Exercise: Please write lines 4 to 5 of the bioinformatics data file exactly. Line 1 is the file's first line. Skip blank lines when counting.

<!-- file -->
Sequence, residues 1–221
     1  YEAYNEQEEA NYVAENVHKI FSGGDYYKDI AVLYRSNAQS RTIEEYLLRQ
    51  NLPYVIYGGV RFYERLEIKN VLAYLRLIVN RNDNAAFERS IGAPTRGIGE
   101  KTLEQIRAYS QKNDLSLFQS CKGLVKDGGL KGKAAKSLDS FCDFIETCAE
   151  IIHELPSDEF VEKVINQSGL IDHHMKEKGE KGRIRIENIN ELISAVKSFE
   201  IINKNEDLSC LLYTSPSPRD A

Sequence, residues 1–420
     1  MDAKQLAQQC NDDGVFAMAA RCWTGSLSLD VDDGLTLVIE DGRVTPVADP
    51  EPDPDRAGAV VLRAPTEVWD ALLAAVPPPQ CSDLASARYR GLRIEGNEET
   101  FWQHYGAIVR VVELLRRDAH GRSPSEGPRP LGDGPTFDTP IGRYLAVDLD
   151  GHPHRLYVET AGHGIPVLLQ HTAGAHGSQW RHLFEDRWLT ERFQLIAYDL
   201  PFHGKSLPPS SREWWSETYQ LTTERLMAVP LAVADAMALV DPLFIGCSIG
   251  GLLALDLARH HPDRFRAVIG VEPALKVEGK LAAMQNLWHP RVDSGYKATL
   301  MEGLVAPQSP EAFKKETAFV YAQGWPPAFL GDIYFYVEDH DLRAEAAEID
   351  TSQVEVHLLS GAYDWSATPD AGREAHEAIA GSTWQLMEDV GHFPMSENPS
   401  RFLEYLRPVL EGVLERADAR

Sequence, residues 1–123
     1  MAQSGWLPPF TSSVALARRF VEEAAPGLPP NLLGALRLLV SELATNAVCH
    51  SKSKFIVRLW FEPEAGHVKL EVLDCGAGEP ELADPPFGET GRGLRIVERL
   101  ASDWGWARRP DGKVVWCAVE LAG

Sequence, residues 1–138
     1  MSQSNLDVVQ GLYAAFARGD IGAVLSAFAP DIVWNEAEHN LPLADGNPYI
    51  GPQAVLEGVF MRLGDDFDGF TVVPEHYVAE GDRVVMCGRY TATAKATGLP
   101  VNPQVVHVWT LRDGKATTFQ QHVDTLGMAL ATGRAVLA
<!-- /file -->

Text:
   101  KTLEQIRAYS QKNDLSLFQS CKGLVKDGGL KGKAAKSLDS FCDFIETCAE
   151  IIHELPSDEF VEKVINQSGL IDHHMKEKGE KGRIRIENIN ELISAVKSFE